regulatory agencies regularly monitor and review their cost recovery activities; and
regulatory agencies regularly report on their cost recovery.
The current audit has focussed on Stage 2 of the Scheme. Its objective was to assess whether ACIS is being administered effectively by DIISR and, as relevant, by Customs. In particular, the audit examined the department's arrangements for:
assessing the eligibility of participants to receive duty credits;
calculating duty credits accurately and adhering to the funding limits for the Scheme;
checking the integrity of participants' claims, which are self-assessed;
accounting for the duty credits transferred to and used at Customs; and
measuring and reporting on the performance of ACIS.
The audit also followed up on whether the ANAO's previous recommendations have been addressed.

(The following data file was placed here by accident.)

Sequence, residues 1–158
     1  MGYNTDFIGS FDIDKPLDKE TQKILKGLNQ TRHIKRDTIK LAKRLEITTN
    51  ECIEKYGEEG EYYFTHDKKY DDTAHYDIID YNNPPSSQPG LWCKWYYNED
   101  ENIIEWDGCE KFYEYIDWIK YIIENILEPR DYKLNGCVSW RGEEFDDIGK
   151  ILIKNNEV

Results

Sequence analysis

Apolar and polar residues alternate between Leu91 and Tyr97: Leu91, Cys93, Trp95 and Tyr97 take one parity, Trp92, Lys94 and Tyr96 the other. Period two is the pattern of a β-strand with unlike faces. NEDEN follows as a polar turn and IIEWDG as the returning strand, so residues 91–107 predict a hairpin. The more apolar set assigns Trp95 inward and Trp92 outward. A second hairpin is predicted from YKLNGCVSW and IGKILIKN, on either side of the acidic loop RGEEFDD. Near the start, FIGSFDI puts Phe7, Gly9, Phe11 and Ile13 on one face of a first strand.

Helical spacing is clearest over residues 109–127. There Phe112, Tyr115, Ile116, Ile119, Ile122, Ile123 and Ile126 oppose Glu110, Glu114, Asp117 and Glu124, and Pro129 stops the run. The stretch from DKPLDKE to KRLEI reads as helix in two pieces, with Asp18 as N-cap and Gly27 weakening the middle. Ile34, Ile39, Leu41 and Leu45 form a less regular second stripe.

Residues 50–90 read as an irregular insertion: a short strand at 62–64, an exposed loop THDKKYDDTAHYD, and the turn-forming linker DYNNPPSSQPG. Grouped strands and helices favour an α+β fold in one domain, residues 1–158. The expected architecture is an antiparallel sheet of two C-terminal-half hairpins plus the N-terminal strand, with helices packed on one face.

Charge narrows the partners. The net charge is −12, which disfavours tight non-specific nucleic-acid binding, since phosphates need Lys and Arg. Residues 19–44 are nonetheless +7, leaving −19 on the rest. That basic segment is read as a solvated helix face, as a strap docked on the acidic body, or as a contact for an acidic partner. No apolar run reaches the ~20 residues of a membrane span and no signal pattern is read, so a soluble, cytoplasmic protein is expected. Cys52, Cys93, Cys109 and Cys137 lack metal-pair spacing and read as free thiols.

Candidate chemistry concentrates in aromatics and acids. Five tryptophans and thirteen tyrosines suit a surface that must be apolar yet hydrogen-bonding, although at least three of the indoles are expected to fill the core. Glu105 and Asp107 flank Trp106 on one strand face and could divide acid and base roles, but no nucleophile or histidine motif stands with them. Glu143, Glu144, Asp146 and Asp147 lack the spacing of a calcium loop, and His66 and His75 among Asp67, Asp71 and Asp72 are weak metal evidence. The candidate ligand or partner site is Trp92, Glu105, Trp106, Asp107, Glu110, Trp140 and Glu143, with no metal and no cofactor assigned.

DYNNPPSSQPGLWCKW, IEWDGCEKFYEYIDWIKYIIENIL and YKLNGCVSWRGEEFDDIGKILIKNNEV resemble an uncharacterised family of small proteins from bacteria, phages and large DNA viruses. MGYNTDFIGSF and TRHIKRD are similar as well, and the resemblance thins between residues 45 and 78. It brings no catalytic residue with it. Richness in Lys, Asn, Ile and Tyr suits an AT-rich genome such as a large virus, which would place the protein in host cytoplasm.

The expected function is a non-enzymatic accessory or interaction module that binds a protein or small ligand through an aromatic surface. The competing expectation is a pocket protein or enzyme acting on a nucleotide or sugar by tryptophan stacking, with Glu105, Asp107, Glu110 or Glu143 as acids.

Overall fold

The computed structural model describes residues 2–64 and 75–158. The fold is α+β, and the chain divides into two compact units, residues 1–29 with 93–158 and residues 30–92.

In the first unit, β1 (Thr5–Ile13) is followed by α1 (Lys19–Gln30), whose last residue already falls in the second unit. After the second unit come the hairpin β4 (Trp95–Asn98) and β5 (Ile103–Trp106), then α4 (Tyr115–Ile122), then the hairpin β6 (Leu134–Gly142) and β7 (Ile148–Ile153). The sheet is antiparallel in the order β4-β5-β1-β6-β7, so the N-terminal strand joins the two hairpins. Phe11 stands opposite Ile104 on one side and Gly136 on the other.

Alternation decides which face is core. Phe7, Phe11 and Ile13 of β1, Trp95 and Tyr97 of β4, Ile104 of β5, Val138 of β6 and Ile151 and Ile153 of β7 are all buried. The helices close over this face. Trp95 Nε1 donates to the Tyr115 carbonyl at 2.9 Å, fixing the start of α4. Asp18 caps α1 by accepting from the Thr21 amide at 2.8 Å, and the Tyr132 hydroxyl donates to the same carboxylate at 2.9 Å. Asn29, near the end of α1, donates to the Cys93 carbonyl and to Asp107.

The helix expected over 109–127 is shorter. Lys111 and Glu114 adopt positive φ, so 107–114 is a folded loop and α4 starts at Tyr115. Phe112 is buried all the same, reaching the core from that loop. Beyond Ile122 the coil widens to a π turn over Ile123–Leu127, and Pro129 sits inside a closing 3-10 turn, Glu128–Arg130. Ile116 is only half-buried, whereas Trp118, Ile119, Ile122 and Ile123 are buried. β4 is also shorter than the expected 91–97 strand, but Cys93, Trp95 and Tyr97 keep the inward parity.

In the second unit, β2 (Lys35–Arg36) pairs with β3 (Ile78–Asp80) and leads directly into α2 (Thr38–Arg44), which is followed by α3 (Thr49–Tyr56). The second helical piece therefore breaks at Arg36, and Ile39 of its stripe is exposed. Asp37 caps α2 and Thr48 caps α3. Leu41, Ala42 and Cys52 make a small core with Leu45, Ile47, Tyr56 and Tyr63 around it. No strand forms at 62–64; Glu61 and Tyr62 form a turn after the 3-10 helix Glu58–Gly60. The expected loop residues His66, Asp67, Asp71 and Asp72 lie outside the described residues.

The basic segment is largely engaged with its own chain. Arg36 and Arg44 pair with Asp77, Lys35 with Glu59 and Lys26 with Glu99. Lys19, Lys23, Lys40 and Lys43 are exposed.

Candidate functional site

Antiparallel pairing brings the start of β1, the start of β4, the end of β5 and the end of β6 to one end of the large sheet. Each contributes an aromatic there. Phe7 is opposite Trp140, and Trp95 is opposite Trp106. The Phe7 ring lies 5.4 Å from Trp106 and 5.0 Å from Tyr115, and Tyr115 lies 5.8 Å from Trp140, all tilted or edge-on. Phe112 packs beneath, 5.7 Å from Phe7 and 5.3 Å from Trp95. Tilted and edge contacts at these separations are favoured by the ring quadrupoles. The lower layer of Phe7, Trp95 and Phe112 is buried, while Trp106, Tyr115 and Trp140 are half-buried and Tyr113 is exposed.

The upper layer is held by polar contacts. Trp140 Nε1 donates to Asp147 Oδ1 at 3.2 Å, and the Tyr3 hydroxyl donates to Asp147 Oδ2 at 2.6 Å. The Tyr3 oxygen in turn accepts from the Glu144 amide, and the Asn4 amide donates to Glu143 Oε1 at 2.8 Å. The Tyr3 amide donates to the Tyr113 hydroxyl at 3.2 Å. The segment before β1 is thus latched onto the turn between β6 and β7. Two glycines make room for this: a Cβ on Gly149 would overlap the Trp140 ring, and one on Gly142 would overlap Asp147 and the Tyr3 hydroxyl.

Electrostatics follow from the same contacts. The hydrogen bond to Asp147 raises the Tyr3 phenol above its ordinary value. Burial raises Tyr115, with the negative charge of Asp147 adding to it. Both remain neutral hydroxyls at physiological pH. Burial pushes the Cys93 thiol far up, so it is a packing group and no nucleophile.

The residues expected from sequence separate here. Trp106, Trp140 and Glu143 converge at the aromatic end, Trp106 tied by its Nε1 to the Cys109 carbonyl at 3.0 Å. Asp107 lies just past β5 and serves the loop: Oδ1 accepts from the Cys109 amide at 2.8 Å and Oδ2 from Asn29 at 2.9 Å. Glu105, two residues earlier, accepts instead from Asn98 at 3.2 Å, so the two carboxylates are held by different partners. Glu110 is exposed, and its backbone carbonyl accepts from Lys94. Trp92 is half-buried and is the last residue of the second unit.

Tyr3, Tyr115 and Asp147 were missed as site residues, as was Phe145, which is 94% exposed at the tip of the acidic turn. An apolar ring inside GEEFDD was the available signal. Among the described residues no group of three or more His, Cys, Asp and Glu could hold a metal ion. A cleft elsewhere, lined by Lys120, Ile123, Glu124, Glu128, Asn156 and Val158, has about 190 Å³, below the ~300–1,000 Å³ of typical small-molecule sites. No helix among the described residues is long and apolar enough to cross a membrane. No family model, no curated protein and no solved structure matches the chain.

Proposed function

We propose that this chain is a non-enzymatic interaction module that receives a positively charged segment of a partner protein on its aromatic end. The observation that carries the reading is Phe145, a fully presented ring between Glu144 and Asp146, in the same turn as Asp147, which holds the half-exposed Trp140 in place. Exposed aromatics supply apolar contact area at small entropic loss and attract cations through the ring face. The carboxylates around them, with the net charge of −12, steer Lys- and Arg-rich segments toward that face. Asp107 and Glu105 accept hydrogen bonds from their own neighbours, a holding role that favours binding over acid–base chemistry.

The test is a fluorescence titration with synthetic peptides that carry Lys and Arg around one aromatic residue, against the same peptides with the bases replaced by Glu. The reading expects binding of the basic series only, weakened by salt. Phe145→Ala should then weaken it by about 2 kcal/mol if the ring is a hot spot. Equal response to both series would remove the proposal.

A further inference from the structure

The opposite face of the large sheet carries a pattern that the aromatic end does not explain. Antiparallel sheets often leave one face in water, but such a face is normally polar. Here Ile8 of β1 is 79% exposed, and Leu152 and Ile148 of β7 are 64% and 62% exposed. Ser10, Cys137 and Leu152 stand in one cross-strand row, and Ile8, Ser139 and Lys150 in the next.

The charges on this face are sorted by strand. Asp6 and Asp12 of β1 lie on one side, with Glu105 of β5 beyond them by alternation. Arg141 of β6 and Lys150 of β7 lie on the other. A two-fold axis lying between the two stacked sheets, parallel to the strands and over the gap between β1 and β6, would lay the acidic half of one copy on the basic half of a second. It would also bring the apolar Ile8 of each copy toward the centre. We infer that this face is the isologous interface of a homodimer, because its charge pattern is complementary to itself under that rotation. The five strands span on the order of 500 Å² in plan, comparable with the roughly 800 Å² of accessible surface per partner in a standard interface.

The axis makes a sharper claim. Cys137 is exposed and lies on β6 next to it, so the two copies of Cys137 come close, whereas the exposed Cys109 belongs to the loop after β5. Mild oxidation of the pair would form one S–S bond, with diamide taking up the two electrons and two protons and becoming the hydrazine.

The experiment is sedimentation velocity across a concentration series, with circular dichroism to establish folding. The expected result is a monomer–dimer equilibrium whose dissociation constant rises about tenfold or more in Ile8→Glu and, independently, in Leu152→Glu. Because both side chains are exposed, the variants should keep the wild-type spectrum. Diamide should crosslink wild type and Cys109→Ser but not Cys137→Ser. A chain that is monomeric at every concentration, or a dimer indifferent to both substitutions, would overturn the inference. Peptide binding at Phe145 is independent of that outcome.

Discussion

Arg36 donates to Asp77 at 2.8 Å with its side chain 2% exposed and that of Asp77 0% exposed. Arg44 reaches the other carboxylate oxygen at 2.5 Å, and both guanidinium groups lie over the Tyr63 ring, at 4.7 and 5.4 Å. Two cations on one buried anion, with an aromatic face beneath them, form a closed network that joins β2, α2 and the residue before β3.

The objective of this audit is to examine DIAC's implementation of the nine recommendations made in the earlier audit. The audit has also taken into account changed circumstances since the original audit. These include a heightened security environment after 11 September 2001 and the results of other relevant ANAO performance audit and financial statement work. The audit also examined ETA decision-making processes to gain assurance about its robustness in a changing risk environment. This issue came to attention in recent audits of visa management processes.
The objective of the audit was to assess the application of the outcomes and outputs framework in Australian Government agencies. The audit included a review of:
the outcomes and outputs of agencies and the integration of the outcomes and outputs framework into agencies' operations;